At the Passenger Vessel Association annual convention in St. Louis in February, I learned a thing or two about the National Transportation Safety Board (NTSB).
In her address to convention attendees, NTSB Chairman Deborah Hersman delivered a compelling speech about safety across all transportation modes, not just maritime.
Hersman made it crystal clear that the NTSB’s mission is focused on safety and nothing but safety. When the NTSB makes safety recommendations, it does so without considering its possible cost. The “balancing” of safety recommendations and economics is outside of the NTSB’s mission. Agencies such as the Coast Guard or the private sector perform any necessary cost-benefit analyses and then decide whether to implement NTSB safety recommendations. If the answer is yes, they must then determine how best to implement the NTSB’s suggestions.
According to Hersman, the NTSB realizes that all of its recommendations will not be implemented — or at least not right away. The NTSB, she said, sometimes proposes safety equipment or measures that, at present, are not technologically or commercially available at an affordable cost. In these cases, the NTSB’s goal is that the recommendations will provide the impetus for future technological or commercial developments.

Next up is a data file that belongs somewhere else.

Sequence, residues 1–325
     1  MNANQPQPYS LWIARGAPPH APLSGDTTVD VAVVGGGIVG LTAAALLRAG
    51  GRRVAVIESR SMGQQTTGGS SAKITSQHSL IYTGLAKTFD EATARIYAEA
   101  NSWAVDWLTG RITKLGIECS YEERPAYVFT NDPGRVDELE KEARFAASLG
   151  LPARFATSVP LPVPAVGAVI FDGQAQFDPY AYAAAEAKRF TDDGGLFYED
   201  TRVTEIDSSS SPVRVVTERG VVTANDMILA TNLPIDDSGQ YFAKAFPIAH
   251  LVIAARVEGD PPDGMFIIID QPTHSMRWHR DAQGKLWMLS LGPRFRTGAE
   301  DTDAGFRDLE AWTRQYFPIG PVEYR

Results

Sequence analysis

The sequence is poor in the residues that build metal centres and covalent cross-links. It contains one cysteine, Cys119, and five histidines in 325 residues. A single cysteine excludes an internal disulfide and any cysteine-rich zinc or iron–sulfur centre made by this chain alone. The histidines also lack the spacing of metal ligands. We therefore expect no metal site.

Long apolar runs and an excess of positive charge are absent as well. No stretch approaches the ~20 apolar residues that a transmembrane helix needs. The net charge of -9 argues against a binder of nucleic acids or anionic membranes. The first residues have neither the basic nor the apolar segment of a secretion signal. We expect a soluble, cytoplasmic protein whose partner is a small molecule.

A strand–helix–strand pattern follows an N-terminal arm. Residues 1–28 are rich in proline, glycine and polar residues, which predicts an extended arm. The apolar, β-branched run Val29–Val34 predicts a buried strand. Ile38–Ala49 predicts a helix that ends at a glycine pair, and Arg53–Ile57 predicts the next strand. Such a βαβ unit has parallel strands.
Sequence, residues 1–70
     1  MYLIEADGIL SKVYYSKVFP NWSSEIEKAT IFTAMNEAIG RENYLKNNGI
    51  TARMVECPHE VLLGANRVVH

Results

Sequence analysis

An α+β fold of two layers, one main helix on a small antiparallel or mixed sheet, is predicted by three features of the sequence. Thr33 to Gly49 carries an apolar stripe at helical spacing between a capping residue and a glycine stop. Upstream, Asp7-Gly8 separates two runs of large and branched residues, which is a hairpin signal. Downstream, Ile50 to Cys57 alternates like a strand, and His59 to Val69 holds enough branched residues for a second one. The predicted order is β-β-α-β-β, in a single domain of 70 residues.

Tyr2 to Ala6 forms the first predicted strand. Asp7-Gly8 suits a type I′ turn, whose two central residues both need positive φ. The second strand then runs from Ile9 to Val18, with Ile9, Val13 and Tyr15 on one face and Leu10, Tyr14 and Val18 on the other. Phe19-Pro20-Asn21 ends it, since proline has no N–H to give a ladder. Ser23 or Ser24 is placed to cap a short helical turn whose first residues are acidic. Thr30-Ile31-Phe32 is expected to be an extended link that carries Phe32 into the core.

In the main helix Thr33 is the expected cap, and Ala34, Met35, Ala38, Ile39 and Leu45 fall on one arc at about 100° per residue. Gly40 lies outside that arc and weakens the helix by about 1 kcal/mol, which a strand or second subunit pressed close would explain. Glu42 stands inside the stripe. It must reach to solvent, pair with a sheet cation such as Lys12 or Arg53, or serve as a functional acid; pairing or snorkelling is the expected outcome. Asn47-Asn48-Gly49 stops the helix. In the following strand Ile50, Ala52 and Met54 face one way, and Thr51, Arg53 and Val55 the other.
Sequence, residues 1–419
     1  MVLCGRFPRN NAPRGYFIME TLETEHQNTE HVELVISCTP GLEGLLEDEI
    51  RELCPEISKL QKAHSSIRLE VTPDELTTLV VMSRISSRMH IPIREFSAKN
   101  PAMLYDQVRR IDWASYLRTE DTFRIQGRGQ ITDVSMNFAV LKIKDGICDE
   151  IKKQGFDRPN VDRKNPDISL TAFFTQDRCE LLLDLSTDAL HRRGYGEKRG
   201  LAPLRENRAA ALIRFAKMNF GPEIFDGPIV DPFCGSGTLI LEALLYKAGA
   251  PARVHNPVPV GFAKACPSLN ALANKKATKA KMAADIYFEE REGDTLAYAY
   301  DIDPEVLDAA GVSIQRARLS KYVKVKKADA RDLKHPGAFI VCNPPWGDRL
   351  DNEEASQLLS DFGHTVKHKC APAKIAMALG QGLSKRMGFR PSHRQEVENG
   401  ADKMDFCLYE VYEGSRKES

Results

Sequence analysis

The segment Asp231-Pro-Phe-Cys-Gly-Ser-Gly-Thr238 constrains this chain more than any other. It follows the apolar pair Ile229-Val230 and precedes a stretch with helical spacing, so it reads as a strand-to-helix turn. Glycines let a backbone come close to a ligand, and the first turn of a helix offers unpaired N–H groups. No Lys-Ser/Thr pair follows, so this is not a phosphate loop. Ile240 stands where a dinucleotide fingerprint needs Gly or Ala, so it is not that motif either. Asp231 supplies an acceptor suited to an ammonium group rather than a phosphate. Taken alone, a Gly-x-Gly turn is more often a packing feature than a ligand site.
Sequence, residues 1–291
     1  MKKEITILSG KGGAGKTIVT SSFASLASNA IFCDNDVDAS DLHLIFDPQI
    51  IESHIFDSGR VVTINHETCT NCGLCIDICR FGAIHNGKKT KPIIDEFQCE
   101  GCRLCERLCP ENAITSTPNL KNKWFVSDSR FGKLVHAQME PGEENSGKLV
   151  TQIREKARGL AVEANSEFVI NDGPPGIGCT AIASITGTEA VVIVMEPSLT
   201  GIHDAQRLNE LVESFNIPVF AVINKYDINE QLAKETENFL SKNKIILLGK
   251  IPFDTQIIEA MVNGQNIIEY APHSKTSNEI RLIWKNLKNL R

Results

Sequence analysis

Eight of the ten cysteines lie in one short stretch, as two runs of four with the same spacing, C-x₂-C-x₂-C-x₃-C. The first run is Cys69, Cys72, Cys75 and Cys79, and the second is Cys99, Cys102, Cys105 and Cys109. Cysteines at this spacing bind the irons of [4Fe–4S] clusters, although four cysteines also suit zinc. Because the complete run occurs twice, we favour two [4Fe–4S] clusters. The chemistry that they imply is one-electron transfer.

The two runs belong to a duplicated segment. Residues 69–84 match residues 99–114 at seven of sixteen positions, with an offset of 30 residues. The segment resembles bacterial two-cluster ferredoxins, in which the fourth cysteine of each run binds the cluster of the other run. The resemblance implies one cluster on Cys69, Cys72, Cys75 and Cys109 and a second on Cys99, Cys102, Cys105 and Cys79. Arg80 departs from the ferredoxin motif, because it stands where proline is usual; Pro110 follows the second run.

Hersman acknowledged that passenger vessel operators must take many things into account other than safety. After all, she said, “The safest passenger vessel is the one that never sails from the dock.”
Unlike the Coast Guard, the NTSB does not have a mandate to take factors other than safety into consideration. That’s why the Coast Guard goes through a lengthy public process when it proposes a new safety rule. It seeks comments not only on the substance of its proposed regulation(s), but also on its economic impact. By analyzing the potential economic impact of a proposed rulemaking, it doesn’t mean that the Coast Guard is downplaying safety. They are simply doing what the law calls for, and what the private sector expects.
Unfortunately, many don’t realize that the NTSB does not “vet” its recommendations for their economic impact. For example, a plaintiff’s attorney who should certainly know better may accuse a passenger vessel operator of being “against” safety for failing to implement an NTSB recommendation.